This great little sequence always goes down well in class and makes a nice change if you're a tad tired (surely not!) of Sun Salutations. It can be demanding of the lower back so be sensible. Read the modifications at the bottom of the page before you get started ~ we don't want to encourage Lord Shiva as Destroyer!
Stay focused on your breath. It's quite logical here ~ inhaling as you lengthen, exhaling as you feel yourself contracting. As long as you stay with the breath, you are doing yoga. It's not about some notion of "the perfect pose".
Play. Have fun.
1. Rather than have arms extending overhead in Palm Tree (Tiryaka Tadasana), keep your hands at heart centre or on your hips, remembering to engage your core and root down through your feet. (You're also welcome to adopt a jaunty stance, as illustrated.)
2. If you're like me and as wobbly as a newborn deer in balances, in Lord Shiva's Pose (Parivrtta Natarajasana) you can always keep the toes of the lifting leg on the floor and focus on getting a beautiful twist from the waist.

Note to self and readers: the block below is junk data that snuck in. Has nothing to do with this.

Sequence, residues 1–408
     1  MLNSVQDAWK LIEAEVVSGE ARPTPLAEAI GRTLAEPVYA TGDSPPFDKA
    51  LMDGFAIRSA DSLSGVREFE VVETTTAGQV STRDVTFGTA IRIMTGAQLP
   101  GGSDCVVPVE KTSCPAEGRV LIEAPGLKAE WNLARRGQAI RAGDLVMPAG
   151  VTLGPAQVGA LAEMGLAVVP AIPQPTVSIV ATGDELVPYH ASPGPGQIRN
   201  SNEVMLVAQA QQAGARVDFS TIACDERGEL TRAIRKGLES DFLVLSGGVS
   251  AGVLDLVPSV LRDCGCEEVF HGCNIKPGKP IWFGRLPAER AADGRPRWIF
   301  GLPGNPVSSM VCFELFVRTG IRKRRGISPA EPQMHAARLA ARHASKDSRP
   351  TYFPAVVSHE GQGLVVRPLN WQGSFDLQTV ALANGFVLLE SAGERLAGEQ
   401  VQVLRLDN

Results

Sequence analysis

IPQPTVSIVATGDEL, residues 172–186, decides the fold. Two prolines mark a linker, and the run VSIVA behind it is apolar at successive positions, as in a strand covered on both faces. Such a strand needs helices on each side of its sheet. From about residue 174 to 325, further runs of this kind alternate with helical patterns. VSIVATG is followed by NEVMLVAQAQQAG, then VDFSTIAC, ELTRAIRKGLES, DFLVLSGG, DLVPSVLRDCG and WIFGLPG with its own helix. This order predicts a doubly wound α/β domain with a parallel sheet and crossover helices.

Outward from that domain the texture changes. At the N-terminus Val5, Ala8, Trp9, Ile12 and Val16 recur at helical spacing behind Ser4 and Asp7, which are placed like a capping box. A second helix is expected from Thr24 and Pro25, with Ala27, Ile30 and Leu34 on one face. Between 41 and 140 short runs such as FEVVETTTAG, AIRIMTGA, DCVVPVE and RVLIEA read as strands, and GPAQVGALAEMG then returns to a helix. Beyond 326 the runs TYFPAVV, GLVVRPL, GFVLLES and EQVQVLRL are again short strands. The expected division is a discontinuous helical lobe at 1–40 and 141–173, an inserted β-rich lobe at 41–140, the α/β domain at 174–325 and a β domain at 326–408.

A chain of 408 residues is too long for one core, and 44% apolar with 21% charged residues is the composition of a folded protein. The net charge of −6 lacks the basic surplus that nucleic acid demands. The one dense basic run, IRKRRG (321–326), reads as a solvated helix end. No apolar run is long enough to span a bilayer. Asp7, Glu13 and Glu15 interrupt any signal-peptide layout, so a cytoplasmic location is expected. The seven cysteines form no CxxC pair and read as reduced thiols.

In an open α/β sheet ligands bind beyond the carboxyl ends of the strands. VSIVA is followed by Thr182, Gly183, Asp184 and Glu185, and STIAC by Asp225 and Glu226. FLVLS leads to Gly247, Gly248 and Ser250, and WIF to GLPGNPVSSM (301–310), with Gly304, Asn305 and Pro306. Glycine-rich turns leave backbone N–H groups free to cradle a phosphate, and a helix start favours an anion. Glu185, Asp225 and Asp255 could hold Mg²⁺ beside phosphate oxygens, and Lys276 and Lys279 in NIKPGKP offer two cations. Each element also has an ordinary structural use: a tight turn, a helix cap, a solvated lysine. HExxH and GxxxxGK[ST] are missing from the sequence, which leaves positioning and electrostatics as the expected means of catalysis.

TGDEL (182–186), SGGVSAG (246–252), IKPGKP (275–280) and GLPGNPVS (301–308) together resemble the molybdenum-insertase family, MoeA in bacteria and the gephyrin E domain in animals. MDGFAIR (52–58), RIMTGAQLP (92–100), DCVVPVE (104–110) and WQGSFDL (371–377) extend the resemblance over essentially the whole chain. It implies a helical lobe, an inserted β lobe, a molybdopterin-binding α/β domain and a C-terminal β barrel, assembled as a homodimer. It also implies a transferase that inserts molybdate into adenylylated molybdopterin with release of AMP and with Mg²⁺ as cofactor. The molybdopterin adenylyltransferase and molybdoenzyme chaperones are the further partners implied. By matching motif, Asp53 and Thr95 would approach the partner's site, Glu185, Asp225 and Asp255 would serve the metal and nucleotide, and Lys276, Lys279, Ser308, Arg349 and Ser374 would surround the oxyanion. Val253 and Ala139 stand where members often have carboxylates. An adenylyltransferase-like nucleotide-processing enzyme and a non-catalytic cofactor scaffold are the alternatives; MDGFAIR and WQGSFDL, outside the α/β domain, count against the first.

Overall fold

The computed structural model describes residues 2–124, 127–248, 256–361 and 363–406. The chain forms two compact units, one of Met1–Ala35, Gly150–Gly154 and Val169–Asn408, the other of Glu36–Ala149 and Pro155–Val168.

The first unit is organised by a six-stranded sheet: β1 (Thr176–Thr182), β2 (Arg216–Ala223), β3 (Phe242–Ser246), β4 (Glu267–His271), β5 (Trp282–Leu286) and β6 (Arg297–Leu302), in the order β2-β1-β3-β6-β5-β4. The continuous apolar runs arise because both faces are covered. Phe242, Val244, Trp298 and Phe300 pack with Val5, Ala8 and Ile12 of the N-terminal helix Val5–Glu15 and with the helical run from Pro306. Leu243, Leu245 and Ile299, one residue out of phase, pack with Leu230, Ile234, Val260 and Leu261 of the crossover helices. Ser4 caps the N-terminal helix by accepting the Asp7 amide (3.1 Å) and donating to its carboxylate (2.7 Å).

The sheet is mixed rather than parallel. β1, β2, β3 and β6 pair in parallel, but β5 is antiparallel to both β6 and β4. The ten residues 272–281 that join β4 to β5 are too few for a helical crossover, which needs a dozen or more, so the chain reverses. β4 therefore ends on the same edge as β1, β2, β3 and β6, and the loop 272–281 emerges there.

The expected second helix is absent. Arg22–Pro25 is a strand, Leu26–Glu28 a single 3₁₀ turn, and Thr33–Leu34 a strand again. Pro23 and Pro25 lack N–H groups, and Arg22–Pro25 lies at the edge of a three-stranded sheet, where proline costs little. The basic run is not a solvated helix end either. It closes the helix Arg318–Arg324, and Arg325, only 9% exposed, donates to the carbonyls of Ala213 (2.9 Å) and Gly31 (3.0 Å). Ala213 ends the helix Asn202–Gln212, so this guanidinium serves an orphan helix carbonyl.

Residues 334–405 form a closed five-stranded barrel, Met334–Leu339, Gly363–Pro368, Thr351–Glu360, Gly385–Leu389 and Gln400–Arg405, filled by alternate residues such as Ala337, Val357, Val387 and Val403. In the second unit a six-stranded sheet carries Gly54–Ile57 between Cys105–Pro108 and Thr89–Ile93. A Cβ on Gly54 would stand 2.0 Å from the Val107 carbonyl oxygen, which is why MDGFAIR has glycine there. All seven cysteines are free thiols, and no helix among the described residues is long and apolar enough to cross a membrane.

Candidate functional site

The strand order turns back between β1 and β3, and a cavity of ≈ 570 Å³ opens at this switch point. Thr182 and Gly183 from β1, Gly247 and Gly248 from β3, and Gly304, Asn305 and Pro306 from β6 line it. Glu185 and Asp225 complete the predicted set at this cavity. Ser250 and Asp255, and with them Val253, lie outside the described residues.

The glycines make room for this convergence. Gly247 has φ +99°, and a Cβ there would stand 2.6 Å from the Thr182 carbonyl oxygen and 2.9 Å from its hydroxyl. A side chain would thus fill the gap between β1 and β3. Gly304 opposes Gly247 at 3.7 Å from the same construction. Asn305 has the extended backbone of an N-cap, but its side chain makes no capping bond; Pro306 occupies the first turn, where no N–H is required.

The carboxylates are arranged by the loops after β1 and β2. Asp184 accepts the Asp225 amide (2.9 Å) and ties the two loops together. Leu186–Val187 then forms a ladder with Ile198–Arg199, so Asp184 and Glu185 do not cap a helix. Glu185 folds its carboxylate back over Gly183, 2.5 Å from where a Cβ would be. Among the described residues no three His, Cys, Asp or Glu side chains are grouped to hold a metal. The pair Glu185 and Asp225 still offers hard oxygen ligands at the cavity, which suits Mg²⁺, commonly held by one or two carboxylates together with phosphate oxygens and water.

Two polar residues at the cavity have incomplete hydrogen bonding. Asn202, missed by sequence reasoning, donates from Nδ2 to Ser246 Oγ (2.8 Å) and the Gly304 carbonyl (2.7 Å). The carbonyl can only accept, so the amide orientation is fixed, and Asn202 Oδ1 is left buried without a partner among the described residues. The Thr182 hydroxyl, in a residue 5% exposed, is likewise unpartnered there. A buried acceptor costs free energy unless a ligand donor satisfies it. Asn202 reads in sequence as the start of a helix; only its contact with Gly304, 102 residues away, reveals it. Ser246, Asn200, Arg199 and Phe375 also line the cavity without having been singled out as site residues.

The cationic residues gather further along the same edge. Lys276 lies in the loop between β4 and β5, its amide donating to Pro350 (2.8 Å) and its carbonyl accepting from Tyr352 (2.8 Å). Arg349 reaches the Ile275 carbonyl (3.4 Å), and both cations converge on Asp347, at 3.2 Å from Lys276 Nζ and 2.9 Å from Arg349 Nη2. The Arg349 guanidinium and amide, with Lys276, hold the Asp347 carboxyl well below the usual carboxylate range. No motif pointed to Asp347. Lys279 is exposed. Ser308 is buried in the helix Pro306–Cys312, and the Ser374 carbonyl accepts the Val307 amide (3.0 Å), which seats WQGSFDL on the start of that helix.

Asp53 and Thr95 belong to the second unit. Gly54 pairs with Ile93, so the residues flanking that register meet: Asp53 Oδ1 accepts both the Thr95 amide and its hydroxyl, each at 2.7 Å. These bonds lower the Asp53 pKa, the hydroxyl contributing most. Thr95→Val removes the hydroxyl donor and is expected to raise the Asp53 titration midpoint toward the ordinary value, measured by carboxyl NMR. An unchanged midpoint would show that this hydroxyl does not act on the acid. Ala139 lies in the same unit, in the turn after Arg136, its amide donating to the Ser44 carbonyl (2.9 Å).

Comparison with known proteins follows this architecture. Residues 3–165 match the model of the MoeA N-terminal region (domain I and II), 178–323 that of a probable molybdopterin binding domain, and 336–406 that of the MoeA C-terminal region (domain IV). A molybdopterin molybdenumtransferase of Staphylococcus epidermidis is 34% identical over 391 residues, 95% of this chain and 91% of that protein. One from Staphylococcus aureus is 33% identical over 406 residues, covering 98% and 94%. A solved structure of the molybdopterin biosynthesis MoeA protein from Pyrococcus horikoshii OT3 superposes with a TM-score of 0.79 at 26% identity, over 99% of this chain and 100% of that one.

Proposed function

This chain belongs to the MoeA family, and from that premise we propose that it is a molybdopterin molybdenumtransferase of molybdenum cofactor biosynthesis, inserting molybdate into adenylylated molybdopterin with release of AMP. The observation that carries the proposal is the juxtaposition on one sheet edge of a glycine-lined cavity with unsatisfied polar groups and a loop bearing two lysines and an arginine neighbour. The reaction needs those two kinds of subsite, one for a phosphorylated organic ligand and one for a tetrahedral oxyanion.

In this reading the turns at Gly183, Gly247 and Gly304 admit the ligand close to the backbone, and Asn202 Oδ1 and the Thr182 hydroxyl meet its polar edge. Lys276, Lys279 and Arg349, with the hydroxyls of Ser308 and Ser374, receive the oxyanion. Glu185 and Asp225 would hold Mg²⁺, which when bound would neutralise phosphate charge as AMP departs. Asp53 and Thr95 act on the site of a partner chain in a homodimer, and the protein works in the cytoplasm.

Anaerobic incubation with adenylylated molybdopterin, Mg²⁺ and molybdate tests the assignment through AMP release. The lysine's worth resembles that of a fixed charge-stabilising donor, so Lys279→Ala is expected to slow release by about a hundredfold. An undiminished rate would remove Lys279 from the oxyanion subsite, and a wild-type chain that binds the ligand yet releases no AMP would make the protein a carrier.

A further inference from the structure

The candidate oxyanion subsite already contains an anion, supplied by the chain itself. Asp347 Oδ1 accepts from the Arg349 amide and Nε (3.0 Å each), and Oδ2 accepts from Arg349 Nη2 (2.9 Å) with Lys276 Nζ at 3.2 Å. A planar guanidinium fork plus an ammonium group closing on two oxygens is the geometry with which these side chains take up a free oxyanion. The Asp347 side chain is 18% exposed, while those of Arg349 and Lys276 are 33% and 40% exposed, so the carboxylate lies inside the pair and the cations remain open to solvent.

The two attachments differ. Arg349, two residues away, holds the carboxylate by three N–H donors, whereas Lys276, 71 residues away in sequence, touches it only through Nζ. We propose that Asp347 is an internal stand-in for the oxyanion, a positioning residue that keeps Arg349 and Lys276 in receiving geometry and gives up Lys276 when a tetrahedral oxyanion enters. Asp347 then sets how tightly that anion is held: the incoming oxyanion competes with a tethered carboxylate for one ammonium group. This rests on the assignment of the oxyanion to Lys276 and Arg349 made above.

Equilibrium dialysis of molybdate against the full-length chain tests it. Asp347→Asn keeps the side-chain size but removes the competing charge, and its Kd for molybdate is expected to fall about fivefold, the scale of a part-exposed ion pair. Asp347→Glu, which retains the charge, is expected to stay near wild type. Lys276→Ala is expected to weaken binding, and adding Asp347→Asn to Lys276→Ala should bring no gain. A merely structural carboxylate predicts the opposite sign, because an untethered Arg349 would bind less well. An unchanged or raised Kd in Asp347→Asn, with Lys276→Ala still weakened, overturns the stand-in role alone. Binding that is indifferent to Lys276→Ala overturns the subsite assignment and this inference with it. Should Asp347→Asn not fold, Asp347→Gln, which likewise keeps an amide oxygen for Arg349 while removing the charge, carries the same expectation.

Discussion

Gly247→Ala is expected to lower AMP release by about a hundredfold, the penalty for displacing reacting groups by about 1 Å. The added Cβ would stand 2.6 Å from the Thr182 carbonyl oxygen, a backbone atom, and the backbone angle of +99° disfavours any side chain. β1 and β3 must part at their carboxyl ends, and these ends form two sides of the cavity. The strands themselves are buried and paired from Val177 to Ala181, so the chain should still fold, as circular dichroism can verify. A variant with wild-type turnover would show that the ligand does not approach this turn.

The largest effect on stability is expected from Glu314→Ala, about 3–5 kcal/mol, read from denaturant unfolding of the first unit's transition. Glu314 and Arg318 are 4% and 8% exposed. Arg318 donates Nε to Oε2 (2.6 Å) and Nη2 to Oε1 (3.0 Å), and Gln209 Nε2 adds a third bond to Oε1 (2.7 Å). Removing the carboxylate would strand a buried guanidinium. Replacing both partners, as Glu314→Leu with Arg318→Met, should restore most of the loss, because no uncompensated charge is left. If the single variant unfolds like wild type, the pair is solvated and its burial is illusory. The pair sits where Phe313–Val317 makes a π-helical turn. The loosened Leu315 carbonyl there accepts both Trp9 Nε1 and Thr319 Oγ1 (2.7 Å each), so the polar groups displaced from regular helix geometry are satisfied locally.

3. If you have a stiff upper back and shoulders, remain more upright in Twisted Chair Pose (Parivrtta Utkatasana). My little stick man is rather pitched forward, oops ~ you may feel like this, but better to avoid it!
4. Right Angle/Same Angle Pose (Samakonasana ) can be a beast on the lower back and shoulders so keep your hands at heart centre. If that still feels a little too much, support yourself with your hands on your thighs ~ it's all gravy. Your body, your practice, remember? Make sure to keep some softness in the knees, no locking. You'll see I've drawn them a little bent to remind you.
5. In Forward Fold (Uttanasana), keep your knees bent if that's more comfortable for your back. To come up to standing, press into the outer edges of your feet and hinge up from the hips keeping the core engaged throughout. Alternatively, you could simply walk yourself up your body with your hands.
Disc issues or back injury, recent abdominal surgery, advanced pregnancy.